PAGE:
respective characters, especially in the earlier stages of their
development, often furnishes a key to the intuitional workings
of the primitive mind as prompted by the always arresting, and
often terrorising phenomena of fire and flame. Max Mueller's
detailed study of the development of the Hindu god, Agni, was
mentioned in an earlier chapter. The name originally means the
Mover, and arose, doubtless, from the running, darting, leaping
movement of flame. Beginning his career as a purely physical
god, he advanced through various stages of spiritualisation until
he became the supreme deity. Is not the problem of motion
still one of the most fascinating and profound? Bergson's
"L'Evolution creatrice" is one of the latest attempts to grapple
with it, and those who in early India personified fire as the
Mover were his legitimate predecessors.
The Greek Hephaestus personified the brightness of flame, and
took shape as a god of ripe age, of muscular form, of serious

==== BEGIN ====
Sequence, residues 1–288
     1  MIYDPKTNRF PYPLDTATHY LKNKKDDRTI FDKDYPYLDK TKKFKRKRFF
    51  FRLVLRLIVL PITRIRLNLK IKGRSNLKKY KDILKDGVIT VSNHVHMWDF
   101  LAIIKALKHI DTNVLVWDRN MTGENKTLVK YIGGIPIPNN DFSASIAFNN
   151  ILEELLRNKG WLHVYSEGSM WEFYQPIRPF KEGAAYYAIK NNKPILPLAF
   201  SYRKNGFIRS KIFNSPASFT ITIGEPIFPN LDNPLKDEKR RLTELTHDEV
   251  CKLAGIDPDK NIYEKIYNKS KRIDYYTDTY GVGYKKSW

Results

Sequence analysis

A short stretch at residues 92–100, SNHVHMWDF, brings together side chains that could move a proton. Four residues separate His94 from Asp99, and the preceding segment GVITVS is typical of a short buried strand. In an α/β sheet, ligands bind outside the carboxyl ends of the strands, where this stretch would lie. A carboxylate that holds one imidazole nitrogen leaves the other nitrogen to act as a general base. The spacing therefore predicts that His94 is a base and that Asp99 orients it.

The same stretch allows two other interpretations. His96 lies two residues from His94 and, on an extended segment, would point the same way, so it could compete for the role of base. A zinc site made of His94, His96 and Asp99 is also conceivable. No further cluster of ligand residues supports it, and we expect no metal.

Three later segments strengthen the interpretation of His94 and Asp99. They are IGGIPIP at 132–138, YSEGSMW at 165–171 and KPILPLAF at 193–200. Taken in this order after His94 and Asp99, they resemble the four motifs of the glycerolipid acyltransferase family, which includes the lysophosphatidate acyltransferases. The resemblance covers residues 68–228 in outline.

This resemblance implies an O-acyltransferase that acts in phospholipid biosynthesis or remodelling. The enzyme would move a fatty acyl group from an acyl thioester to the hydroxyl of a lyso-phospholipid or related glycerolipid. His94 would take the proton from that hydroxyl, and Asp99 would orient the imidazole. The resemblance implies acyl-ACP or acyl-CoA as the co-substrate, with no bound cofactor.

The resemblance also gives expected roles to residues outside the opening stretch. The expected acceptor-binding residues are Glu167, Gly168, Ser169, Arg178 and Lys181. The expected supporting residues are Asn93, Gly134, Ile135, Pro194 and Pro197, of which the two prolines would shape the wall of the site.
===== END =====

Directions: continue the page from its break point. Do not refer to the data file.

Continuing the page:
countenance, but lame. Why lame? Why this physical defect
as a drawback to so much physical beauty and strength? A
Frenchman, Emerie, suggests--"attendu la marche inegale et
vacillante de la flamme." Certainly fire, as compared with water
and air, is dependent on sustenance, as Heracleitus so well
realised, as also its consequent limitations in regard to free and
independent movement: but the sage solved this difficulty by
making the Fire-motion feed, as it were, upon itself. The god
was represented as puny at birth because flame, especially as
kindled artificially, so often starts from a tiny spark. His
marriage to Aphrodite typifies "the association of fire with the
life-giving forces of nature." So, remarks Max Mueller, the
Hindu Agni was the patron of marriage. How many lines of
thought open out before us here, bringing us face to face, by
pre-scientific modes of mental activity, with some of the
deepest mysteries of human life!
Vulcan, the Latin parallel of Hephaestus, suggests to us the